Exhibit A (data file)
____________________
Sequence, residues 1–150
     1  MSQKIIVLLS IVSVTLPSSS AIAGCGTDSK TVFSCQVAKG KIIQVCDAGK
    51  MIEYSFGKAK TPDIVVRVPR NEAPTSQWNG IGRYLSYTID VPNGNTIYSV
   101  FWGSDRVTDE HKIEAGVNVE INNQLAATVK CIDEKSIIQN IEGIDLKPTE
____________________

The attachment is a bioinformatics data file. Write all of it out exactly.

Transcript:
Sequence, residues 1–150
     1  MSQKIIVLLS IVSVTLPSSS AIAGCGTDSK TVFSCQVAKG KIIQVCDAGK
    51  MIEYSFGKAK TPDIVVRVPR NEAPTSQWNG IGRYLSYTID VPNGNTIYSV
   101  FWGSDRVTDE HKIEAGVNVE INNQLAATVK CIDEKSIIQN IEGIDLKPTE